A tiny french hamlet situated south of Paris has sparked outrage as its name, “La Mort aux Juifs” means “Death to Jews” in English.
The Guardian newspaper in the U.K. reported today that The Simon Wiesenthal Center, an organization which works against worldwide anti-Semitism, wrote to the French Interior Minister Bernard Cazeneuve suggesting:
“The name is, apparently, of long date – possibly as far as the 11th century Croisade-related pogroms that ended with the expulsion of France’s 110,000 Jews by King Philippe Le Bel in 1306.”
The letter noted that the Center feels the recent rise in attacks on French Jews makes a name change necessary:
“The current surge in public and violent expressions of anti-Semitism makes us uneasy regarding the motives of those seeking to reside at such an address, ‘urging’, the earliest removal of this genocidal name and its replacement with an identity rather more welcoming to all. Indeed, it will be most interesting to note whether property values in the village rise or fall as a result.”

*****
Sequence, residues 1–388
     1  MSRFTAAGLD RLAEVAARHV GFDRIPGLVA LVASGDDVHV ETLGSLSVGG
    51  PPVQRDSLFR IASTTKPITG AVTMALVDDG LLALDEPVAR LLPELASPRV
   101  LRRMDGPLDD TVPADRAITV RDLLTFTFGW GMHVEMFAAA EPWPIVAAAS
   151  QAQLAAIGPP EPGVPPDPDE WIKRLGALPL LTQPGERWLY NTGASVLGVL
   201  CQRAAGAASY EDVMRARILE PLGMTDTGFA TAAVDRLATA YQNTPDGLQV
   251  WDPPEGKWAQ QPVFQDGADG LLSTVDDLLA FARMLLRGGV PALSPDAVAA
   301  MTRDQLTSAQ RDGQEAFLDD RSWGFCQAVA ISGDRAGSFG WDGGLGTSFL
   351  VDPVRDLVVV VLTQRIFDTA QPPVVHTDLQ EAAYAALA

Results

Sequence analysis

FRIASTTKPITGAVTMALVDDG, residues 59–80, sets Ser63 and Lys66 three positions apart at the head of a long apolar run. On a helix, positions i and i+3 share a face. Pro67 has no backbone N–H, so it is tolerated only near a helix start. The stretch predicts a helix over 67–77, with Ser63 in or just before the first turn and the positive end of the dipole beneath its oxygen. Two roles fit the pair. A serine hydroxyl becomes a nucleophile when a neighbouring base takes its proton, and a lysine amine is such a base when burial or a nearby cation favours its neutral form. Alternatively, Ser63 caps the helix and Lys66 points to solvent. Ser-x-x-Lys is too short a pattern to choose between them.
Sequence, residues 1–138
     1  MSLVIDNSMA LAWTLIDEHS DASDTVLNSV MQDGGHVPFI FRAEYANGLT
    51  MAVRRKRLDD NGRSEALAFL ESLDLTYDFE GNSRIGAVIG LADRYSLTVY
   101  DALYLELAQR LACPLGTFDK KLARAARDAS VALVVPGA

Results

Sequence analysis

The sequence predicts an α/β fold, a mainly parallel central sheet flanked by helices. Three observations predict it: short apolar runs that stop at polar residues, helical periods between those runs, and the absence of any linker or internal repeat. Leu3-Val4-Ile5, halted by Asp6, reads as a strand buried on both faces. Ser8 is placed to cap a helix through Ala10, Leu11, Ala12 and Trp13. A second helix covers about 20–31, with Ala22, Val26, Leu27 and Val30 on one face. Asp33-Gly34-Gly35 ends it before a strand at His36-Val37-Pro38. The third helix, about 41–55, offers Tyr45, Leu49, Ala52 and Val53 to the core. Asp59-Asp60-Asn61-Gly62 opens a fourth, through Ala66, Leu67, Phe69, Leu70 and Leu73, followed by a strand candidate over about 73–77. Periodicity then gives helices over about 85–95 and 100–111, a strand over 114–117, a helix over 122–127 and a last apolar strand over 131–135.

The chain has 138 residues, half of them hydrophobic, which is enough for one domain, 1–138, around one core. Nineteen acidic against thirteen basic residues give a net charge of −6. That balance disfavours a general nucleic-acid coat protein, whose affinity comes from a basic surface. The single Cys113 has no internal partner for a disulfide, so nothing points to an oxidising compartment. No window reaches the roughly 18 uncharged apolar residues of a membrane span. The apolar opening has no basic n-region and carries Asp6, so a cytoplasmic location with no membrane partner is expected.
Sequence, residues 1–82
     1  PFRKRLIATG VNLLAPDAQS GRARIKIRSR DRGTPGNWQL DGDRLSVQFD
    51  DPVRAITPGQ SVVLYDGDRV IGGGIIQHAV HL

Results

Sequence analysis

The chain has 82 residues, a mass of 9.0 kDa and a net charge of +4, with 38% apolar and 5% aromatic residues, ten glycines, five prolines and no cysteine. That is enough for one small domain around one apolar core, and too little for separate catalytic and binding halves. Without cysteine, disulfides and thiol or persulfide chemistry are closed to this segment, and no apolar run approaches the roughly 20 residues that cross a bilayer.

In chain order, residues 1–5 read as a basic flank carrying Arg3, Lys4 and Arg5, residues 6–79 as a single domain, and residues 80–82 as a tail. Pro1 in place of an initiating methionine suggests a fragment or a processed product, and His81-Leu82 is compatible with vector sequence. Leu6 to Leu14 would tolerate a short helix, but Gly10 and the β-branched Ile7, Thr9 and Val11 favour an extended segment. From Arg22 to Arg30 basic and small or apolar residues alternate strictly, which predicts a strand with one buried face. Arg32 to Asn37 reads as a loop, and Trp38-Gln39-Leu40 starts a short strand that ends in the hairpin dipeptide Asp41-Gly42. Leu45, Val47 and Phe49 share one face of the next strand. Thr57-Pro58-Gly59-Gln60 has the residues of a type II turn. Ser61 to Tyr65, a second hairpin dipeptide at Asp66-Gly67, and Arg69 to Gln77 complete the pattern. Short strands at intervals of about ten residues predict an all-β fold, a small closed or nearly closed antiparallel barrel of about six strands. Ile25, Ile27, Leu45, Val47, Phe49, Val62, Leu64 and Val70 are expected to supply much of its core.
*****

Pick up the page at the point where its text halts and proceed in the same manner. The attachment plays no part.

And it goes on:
Apparently, the “Lieu-Dit” or locality of the hamlet is registered under the regional authority of Courtemaux in the Loiret, a department in central France some 58 miles south of Paris.
The author of the letter to Cazeneuve said he found it surprising:
“That the name remained under Napoleon’s emancipation of French Jewry and that it was unnoticed during seventy years since the liberation of France from the Nazis and Vichy, is most shocking.”
Shimon Samuels, who composed the letter of complaint, said he was “shocked to discover the existence of a village in France officially called ‘Death to Jews’. It is extremely shocking that this name has slipped under the radar in the 70 years that have passed since France was liberated from Nazism and the (pro-Nazi) Vichy regime.”
Nevertheless, the deputy mayor of the village of Courtemaux, which has jurisdiction over the hamlet, dismissed the concerns: “It’s ridiculous. This name has always existed. No one has anything against the Jews, of course. It doesn’t surprise me that this is coming up again,” Marie-Elizabeth Secretand told AFP.
Secretand, in an apparent moment of insanity, went even further suggesting that the name should be preserved and respected: “Why change a name that goes back to the Middle Ages or even further? We should respect these old names.”
We will let you draw your own conclusions about the current attitude in France toward its half a million Jewish citizens.